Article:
The speaker has seen him in the watch-fires of a hundred circling camps. It seems the embodiment of Christ is preparing for war along with his followers. The followers have built an altar in the evening dews and damps. As the world is now overloaded with sinful souls, everything appears as dewy and damp to the speaker. She can read from Christ’s righteous eyes that with the coming of dawn faith will be restored and the sinners will be punished accordingly. The image of “dim and flaring lamps” creates a tense mood in the poem that something serious is going to happen with the coming of the lord. At last, she says his day is marching on. It means that Christ will restore peace, justice, and truth in society.


Stanza Three

I have read a fiery gospel, writ in burnished rows of steel:

“As ye deal with my contemners, so with you my grace shall deal;

Let the Hero, born of woman, crush the serpent with his heel,

      Since God is marching on.”

Moreover, the speaker has read a “fiery gospel” written in “burnished rows of steel”. Here, the “fiery gospel” refers to the verdict of God. Here, the Almighty has said what He is going to do with the sinners. Thereafter, “burnished rows of steel” contains a symbol of war. In the “burnished rows of steel”, the poet finds Christ’s words. Christ said those who dealt with his “contemners”, now they have to deal with his grace. It sounds like a warning to the vicious men who forgot the teaching of Christ. Thereafter the poet alludes to another biblical episode. Here, the poet refers to the Virgin Mary whose child will crush the serpent with his heel. Here, the serpent is none other than Satan.


Stanza Four

He has sounded forth the trumpet that shall never call retreat;

He is sifting out the hearts of men before his judgment-seat:

Oh! be swift, my soul, to answer Him! be jubilant, my feet!

      Our God is marching on.

Thereafter, in this poem, the speaker says Christ has sounded forth the trumpet of war. Now, he will never step back. Christ will only stop until every sinner gets their punishment. Thereafter, in this stanza, the poet alludes to the Last Judgement. According to her, God is analyzing the hearts of men to see who deserves punishment. By seeing this, the speaker is so elated that she can’t wait any longer. Her body and soul both are elated after seeing Christ in this role. At last, the poet uses the refrain to emphasize the fact that the arrival of God will bring peace and justice to the world.


Stanza Five

In the beauty of the lilies Christ was born across the sea,

With a glory in his bosom that transfigures you and me:

As he died to make men holy, let us die to make men free,

      While God is marching on.

In the last stanza of the poem, Howe says that in the beauty of the lilies Christ was born across the sea. Here, “lily” is a well-known Christian symbol. Christ can transfigure the poet as well as the readers. However, “transfiguration” is the experience of momentary divine radiance. So the glory of God fills the poet with divine radiance. Apart from that, in the final two lines, the poet says as Christ died to make me holy they should die to make men free. In this section, there is an implied allusion to the slave trade in America. However, at the end of the poem, Howe repeats the idea of God marching on earth for the sake of emphasis.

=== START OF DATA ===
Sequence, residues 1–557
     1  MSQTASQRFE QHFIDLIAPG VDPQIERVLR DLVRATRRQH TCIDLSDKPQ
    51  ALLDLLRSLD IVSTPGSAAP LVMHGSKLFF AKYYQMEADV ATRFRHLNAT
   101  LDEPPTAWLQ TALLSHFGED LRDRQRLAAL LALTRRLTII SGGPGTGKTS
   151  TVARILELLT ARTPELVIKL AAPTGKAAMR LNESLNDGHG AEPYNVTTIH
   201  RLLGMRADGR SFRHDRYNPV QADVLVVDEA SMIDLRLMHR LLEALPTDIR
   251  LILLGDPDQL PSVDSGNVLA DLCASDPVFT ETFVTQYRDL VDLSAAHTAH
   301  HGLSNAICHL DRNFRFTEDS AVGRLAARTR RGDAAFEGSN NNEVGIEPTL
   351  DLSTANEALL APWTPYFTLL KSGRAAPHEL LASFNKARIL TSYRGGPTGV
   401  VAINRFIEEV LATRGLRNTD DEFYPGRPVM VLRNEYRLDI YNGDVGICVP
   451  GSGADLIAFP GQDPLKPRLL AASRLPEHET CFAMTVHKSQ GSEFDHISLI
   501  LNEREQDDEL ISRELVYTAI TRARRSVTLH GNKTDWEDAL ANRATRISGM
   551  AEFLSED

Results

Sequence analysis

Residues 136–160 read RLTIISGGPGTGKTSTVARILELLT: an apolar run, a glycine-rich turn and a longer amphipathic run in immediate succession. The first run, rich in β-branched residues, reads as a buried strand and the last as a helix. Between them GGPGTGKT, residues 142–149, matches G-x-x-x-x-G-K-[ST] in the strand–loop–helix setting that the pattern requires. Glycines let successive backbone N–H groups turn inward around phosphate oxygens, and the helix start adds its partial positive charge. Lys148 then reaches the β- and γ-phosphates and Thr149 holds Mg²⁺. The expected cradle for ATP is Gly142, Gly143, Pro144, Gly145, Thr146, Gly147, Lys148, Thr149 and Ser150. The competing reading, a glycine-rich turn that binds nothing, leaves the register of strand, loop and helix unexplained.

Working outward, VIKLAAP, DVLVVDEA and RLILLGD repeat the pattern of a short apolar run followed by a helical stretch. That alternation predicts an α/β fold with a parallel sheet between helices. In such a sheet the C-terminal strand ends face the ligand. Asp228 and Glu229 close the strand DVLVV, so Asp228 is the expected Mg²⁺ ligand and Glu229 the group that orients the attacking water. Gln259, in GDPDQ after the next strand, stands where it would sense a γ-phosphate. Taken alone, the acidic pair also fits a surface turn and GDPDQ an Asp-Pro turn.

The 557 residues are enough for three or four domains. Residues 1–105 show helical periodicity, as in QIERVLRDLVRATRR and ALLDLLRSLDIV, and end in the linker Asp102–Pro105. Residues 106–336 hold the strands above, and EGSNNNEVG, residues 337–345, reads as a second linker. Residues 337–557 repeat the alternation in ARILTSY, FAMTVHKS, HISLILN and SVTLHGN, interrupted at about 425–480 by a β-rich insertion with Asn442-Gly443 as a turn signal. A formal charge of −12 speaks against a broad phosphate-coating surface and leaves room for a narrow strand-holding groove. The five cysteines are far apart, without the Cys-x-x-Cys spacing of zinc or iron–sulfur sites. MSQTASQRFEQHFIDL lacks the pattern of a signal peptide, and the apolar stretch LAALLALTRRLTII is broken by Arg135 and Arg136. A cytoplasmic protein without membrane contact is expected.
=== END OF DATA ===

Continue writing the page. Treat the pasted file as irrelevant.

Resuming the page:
Historical Context

Julia Howe submitted the lyrics of ‘Battle-Hymn of the Republic’ to “The Atlantic Monthly” and it first appeared on the front page in the February 1862 issue of the magazine. Howe first heard this song during the Civil War. At the request of The Reverend James Freeman Clarke, she wrote new words for the song. While staying at the Willard Hotel in Washington on the night of November 18, 1861, she wrote the verses of this song. Of the writing of the lyrics, Howe noted:

I went to bed that night as usual, and slept, according to my wont, quite soundly. I awoke in the gray of the morning twilight; and as I lay waiting for the dawn, the long lines of the desired poem began to twine themselves in my mind. Having thought out all the stanzas, I said to myself, “I must get up and write these verses down, lest I fall asleep again and forget them.” So, with a sudden effort, I sprang out of bed, and found in the dimness an old stump of a pencil which I remembered to have used the day before. I scrawled the verses almost without looking at the paper. (Howe, Julia Ward. Reminiscences: 1819–1899. Houghton, Mifflin: New York, 1899. p. 142.)

However, she set the lyrics to the music of ‘John Brown’s Body’ published in “The Atlantic Monthly” in November 1861. In this song, there is a direct reference to the American Civil War and the judgment of the wicked at the end of the age.


Similar Poetry

Here is a list of a few poems that are similar to the theme, biblical allusions, and subject matter of Julia Ward Howe’s ‘Battle-Hymn of the Republic’.

You can read about 10 of the Best War Poems here.

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Sudip Das Gupta Poetry Expert
A complete expert on poetry, Sudip graduated with a first-class B.A. Honors Degree in English Literature. He has a passion for analyzing poetic works with a particular emphasis on literary devices and scansion.